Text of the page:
Fifteen year old singer/songwriter, Una Jensen, is no stranger to the world of illegal music downloading. Check out what she had to say!

Pirating music: it’s easy, it’s fast, it’s free. Anyone can get any song at anytime for free. It sounds like a brilliant idea, and utterly
convenient! Someone hears a song they like on the radio or T.V., goes to one of the many pirated music sites and downloads that song, immediately storing it in their continuously growing library of music. It’s appeal is clear. More music, fast and free.

It’s simple, really, but it’s also illegal. Big bummer for kids that have no other way of getting music, especially individual songs. As a
kid, you’re put in a tough position. You don’t have a credit card to use on an iTunes account, and you’re so used to everything being at your fingertips (with the technology we have today) that you don’t have the patience to wait to ask your parents for a little help. Even if you did have the patience to wait to ask, there’s a big chance they’ll say no. So you resort to illegally downloading music.

I’ve never downloaded pirated music before, for a few reasons…

First and foremost, throughout my entire pre-teens to my teenaged life, we barely had any internet connection. We lived up in the mountains and I would only get new music as a treat from my grandma. I hadn’t really heard of pirating music, or understood what it entailed , until about two years ago. Before i was informed what it really meant, I thought taking songs off of a cd i had bought and putting it on my ipod was pirating.

Living next to a recording studio and seeing bands spend days upon days getting a song to their level of satisfaction, I see how much hard work goes into every song that is out there. I found it sort of sad to see so many songs put out without the artist/band knowing; How people weren’t appreciating the good feeling of buying a new song for their collection, or understanding that in buying their song, you’re letting the artist know you support them and that you enjoy their music enough to buy it. 99¢ is a small price to pay to get that song you truly want in your library.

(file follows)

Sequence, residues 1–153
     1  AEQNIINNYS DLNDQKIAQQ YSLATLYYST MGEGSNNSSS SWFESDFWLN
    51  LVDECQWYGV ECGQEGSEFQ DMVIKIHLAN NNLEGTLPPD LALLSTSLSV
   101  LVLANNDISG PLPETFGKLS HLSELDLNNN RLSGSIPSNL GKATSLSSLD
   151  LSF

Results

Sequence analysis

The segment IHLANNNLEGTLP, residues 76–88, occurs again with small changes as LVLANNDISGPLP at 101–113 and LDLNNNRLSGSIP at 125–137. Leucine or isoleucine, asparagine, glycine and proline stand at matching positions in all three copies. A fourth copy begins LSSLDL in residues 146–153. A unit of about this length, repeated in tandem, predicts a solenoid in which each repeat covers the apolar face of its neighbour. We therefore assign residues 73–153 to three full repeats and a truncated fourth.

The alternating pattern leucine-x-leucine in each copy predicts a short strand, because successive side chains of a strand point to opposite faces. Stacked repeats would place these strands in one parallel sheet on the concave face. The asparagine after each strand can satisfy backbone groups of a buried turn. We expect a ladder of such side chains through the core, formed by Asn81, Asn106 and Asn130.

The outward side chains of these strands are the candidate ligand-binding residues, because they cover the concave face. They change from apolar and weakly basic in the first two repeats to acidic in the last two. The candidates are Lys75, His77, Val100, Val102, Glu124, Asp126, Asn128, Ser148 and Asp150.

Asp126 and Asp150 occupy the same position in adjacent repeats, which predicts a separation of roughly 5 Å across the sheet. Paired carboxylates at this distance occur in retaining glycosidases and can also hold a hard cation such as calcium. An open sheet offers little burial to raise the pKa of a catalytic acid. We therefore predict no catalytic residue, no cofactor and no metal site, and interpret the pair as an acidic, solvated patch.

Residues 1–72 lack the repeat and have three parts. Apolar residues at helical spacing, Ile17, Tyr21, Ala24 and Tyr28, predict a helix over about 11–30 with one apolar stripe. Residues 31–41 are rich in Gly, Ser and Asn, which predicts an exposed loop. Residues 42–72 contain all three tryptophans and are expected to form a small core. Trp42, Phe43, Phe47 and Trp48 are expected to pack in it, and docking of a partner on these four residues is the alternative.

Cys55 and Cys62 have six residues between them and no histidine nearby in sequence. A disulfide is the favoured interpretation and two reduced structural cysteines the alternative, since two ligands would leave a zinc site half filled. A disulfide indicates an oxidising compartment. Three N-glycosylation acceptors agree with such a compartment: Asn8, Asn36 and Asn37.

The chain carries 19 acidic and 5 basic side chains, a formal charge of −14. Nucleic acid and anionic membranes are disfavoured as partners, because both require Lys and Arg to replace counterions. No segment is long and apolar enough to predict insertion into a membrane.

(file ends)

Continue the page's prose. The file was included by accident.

Last but most certainly not least, I knew pirated music is drasticly changing the music industry as we know it. CDs are becoming a rarity and digital downloads are becoming the only way to sell albums. That’s a big change, and with the music industry falling apart, it’ll become harder to make it as a new artist. Sounds awful to me, being a new artist. It would be a shame for all my, and so many other artists’, hard work to go to waste.

Again, I understand the appeal as well. Maybe we can find a way to keep the positives of both sides. For instance, making the songs 50¢ instead of 99¢. Something so we can all be happy, and so we can keep our love of music strong!

Written by Catherine Powell